Wales claimed their first victory over England in Cardiff for 12 years as Gavin Henson kicked a long-range penalty four minutes from time.
England’s line-out was shocking for the first 10 minutes and when they lost their own throw for the third time Wales capitalized as Shane Williams touched down in the corner.
Stephen Jones and Charlie Hodgson exchanged penalties to leave the hosts 8-3 up at half-time.
The English pack began to take charge in the second half and two further Hodgson penalties inched them if front.
But Henson banged over a 44-yard kick from the right touchline to send the Welsh into raptures.
8) Ireland 6-42 England
Lansdowne Road, Dublin
29 March 2003
From the moment Martin Johnson famously refused to move before the pre-match presentation of the players to President McAleese, England were in belligerent mood.
And they produced one of the most impressive performances in the history of the tournament to seal a Grand Slam.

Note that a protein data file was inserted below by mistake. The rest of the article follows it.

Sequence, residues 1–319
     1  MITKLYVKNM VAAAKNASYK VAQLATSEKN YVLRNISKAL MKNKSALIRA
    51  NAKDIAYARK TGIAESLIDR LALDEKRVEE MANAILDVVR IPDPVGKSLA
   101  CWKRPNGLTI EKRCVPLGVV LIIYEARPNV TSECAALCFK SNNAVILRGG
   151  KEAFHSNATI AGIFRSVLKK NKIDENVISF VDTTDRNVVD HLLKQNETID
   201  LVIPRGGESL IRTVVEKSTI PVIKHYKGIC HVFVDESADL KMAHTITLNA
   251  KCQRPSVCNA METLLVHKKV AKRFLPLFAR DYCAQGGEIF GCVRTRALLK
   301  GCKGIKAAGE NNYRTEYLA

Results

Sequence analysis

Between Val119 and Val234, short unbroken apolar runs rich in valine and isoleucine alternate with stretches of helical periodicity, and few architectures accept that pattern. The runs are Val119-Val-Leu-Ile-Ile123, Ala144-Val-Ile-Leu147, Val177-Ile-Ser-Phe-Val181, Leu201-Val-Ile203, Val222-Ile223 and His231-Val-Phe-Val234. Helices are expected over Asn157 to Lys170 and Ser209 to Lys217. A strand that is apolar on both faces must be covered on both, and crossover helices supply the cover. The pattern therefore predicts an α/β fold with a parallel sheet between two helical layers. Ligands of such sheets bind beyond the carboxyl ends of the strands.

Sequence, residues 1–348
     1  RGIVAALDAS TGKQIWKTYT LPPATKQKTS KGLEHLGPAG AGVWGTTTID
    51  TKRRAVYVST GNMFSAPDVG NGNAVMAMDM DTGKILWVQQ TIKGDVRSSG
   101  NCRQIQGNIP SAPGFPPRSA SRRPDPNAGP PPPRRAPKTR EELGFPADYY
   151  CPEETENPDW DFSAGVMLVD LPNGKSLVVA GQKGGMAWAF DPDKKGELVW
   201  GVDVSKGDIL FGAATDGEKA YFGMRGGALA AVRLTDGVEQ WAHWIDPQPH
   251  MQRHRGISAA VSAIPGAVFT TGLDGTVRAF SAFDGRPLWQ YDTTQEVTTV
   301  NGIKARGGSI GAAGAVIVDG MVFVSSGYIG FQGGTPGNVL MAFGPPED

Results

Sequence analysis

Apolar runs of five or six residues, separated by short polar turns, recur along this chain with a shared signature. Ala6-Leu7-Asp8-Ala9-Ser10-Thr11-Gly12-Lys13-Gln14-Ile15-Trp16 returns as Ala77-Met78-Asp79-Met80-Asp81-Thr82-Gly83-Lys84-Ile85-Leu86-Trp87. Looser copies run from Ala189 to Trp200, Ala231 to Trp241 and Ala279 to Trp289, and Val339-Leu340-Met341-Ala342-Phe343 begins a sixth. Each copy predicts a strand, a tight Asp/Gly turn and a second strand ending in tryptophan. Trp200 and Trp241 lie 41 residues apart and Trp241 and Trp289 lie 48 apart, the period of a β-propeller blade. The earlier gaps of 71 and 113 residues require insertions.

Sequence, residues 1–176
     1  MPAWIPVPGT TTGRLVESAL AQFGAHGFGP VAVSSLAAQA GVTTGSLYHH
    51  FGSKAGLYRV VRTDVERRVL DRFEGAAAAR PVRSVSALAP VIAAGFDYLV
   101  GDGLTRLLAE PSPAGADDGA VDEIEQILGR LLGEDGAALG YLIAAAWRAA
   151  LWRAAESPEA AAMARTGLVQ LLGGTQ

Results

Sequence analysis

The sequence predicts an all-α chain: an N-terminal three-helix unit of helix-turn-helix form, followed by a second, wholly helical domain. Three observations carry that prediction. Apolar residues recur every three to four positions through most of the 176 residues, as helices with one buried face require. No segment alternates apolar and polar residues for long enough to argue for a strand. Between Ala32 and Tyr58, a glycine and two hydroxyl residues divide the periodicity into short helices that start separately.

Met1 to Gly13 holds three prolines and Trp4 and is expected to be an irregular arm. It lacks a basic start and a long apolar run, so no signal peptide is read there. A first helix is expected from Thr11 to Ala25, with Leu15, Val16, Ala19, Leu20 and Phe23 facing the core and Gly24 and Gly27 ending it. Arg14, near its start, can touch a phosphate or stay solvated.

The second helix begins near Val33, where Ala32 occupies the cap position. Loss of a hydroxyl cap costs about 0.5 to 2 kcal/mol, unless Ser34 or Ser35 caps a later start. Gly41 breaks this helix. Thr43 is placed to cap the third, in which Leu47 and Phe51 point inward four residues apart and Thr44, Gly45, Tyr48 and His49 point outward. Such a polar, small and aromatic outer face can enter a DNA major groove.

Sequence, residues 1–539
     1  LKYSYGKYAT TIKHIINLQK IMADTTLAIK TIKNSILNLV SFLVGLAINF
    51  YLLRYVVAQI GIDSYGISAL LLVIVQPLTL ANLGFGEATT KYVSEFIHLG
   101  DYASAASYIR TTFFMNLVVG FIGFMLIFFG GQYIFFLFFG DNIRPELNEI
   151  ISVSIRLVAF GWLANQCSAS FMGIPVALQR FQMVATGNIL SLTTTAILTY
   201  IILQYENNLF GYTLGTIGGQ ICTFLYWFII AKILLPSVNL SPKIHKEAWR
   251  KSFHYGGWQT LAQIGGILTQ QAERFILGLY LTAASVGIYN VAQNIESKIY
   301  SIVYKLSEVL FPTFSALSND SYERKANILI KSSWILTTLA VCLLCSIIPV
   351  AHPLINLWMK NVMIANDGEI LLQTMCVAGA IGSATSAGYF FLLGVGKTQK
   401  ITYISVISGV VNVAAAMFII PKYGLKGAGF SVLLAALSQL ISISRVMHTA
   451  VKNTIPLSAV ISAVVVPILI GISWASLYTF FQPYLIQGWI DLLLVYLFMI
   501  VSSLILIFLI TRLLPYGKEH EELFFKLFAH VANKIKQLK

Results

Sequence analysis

Ireland took an early lead through a David Humphreys penalty before Lawrence Dallaglio gave England the lead following a Matt Dawson break.
A second David Humphreys penalty pulled Ireland back to 6-7 but that was as good as it got for the hosts.
Jonny Wilkinson’s relentless accuracy with the boot and second-half tries from Mike Tindall, Will Greenwood (2) and Dan Luger sealed the win.
9) Scotland 17-37 Italy
February 24, 2007
The Azzurri claimed their first away win in the tournament after an incredible opening six minutes.
Mauro Bergamasco, Andrea Scanavacca and Kaine Robertson all touched down to put the visitors 21-0 ahead.
Scotland hit back with tries from Rob Dewey and Chris Paterson to leave the score 17-24 after an hour.
But a late try from Alessandro Troncon and a further two penalties from Scanavacca helped Italy claim a famous win.
10) England 24-28 Ireland
March 19, 2006
A late, late score from wing Shane Horgan gave Ireland a second triple crown in three years.
Jamie Noon crossed early on for England but a try for Horgan and a pair of Ronan O'Gara penalties put Ireland 11-8 up at the break.
Steve Borthwick crossed for the hosts but Denis Leamy replied, while Andy Goode and O'Gara exchanged penalties which left England 24-21 up as injury-time arrived.
Although the video referee was called upon, he ruled Horgan's foot had not gone into touch and a Cheltenham week ended with further glory for Ireland.